"I lost one of mine last week," he agreed. "I knew it was in the house, but I couldn't find it for the life of me. Turned up in the fridge." That makes me smile. "Do you milk the goats?" he asks me then in his quiet voice, having apparently inspected them as he drove by their pen.

"Yes; well, the owners do," I amend. "I just board my sheep here." He nods in a satisfied way. I think maybe this is a farmer thing: You like the animals for their own sakes, sure, but it's somehow viscerally satisfying to know that they are doing their part to drive the cycle of life. "So we said, what - three seventy? Three eighty?" I ask him; I've forgotten how much he wanted for delivery.

He frowns. "It can't be that much, can it?" he asks himself. "One seventy-five a bale, which is three fifty for the hay, plus delivery - yep, three seventy," he agrees. "Just make it for three sixty, though," he adds.

"You sure?" I ask him, and he nods firmly. "Okay, then," I tell him. I'm not sure why he's amended this; maybe some sense of chivalry? An older way of doing business, harking from a time when things were done on a handshake? Satisfaction that his hay is going to feed production stock? Just good old-fashioned decent farm guy-ness? Whatever it is, it seems to warm me slightly, along with his quiet, level-eyed cheer.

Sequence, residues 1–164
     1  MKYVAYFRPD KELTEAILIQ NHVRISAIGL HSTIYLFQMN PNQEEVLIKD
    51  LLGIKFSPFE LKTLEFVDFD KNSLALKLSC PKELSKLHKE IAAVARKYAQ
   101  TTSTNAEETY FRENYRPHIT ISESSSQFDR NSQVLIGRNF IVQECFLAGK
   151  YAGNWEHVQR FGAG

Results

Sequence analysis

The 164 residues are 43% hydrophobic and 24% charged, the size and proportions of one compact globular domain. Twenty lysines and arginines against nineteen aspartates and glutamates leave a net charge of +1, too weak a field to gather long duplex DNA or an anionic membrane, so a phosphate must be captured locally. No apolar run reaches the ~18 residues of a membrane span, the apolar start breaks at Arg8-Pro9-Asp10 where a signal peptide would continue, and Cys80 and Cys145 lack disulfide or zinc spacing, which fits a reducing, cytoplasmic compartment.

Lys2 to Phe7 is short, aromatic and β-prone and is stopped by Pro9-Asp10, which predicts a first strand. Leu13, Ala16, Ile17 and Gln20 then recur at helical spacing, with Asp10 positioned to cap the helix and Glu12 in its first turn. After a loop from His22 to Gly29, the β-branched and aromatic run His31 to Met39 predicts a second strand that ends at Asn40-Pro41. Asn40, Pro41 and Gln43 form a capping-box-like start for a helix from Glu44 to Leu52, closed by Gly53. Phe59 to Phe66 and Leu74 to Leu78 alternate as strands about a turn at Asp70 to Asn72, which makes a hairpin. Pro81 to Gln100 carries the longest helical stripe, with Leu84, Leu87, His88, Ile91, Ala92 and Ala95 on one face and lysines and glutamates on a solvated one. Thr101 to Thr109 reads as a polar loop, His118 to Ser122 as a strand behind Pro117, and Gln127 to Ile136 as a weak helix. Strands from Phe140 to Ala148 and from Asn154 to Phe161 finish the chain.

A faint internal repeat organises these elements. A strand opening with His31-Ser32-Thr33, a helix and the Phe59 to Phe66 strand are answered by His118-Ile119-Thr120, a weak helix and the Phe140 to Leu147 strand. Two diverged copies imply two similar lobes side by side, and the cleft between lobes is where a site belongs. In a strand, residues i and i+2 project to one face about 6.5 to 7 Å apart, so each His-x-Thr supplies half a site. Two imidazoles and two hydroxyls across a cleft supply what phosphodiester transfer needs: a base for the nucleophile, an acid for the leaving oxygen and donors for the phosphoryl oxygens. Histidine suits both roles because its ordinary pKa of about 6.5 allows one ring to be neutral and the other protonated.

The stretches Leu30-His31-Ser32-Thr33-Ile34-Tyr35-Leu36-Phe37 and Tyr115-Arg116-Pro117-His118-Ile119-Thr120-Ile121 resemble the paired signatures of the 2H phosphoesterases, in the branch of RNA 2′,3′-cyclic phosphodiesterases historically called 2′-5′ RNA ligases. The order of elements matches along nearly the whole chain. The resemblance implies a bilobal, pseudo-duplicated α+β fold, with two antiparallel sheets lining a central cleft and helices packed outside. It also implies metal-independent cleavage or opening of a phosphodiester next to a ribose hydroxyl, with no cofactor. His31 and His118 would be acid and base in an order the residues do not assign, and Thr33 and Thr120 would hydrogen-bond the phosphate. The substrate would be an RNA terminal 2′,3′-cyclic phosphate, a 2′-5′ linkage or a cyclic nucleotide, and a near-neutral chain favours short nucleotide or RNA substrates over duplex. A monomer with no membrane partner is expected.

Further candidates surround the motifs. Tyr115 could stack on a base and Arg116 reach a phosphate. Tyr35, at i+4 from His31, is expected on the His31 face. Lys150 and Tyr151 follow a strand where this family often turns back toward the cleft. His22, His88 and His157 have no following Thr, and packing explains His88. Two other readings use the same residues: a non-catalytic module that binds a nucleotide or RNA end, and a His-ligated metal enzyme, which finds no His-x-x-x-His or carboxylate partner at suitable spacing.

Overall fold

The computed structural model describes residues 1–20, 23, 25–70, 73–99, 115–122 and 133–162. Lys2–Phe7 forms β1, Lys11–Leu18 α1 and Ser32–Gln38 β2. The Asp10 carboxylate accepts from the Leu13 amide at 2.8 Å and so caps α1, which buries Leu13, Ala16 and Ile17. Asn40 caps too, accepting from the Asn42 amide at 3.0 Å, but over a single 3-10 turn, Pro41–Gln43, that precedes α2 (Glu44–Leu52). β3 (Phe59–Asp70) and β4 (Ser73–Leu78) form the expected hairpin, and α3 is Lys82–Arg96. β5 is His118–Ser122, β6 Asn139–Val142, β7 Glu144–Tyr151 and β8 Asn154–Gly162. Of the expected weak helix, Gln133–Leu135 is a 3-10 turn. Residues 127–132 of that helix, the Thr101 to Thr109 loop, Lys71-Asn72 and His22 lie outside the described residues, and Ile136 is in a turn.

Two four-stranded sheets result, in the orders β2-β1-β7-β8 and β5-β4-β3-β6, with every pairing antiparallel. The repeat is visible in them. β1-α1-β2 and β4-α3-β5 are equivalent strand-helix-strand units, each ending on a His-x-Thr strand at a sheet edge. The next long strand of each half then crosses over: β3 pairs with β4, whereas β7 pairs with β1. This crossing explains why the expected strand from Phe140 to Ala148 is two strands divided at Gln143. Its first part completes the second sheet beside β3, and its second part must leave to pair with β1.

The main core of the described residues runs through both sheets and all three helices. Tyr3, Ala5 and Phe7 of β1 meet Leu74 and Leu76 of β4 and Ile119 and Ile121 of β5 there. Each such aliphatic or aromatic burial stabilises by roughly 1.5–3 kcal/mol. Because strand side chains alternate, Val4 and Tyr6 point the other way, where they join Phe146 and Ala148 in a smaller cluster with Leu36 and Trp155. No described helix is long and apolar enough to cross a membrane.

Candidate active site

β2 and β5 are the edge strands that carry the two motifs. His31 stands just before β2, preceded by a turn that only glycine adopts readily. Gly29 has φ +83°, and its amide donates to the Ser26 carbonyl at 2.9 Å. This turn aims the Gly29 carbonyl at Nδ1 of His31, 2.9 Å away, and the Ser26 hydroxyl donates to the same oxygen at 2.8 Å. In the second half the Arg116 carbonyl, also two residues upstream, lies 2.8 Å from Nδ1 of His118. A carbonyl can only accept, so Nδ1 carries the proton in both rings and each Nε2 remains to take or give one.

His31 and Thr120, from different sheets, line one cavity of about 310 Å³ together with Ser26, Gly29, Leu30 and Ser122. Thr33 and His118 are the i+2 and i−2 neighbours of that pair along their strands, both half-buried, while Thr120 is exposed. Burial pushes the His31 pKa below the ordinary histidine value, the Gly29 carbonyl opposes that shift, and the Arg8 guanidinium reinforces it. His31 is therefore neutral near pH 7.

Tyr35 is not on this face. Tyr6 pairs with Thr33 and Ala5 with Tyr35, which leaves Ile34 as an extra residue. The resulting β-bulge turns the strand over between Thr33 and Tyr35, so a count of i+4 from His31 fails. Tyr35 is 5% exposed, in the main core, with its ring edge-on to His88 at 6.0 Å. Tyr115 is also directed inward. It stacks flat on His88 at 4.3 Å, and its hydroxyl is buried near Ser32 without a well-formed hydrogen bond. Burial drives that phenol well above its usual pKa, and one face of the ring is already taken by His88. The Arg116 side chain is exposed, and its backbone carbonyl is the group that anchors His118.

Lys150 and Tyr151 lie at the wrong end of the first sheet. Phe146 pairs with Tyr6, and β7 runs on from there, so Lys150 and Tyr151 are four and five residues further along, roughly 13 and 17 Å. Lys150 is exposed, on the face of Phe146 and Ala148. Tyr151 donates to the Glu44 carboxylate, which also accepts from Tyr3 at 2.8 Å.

He takes the check and turns his truck around. Rae stops him; he has a lightweight step-stool on the bed, doubtless used to help him get the chains over the tops of the bales when he was tying them down. He's not much taller than I am, and the bales are about five feet thick. Rae has noticed that without the bales to wedge it behind, it's at risk for flying off in the breeze as soon as he hits the highway. She weights it down with chain and the Hay Dude gives her a nod of thanks and a wave as he trundles off into the gorgeous Alaskan day.

"Good eye," I tell Rae. She snorts.

"Girl, I've lost so much crap out of the back of my truck that way it's not even funny. I've learned my lesson. I need a break after pushing that hay around," she says. "Let's go sit on the deck in the sun and finish the coffee."

Well. That sounds just perfect to me.

We take the pot and a jar of goat milk out and settle into deck chairs. We chat about how we should position the bales; there are two pens, Trinity's and the main ewe pen, and since I don't want to keep buying separate hay for him, we try to figure out a way to set the bale up so that he can have access to it at the same time as the ewes. As we talk our neighborhood-resident eagle flies by, low enough that I can see his (her?) feet curled underneath him. Five minutes later one of the cranes circles just as low overhead. I can see its red crown, the places where feathers have dropped in molt from its wings. The crane soars in a wide oval above us, coasting; it drifts back down to the horse pens, then beats its wings to regain altitude and soar over us again. It makes a third pass, circling the opposite direction this time. It hangs its legs in its own slipstream, ruddering right, threading adroitly between a spruce-top and the crown of a birch tree. The spruce top passes just under its right wing, but the crane tips neither wing nor leg against its reaching branches and executes a neat turn around it, figure-eighting a glide back into the horse pens to rejoin the other cranes.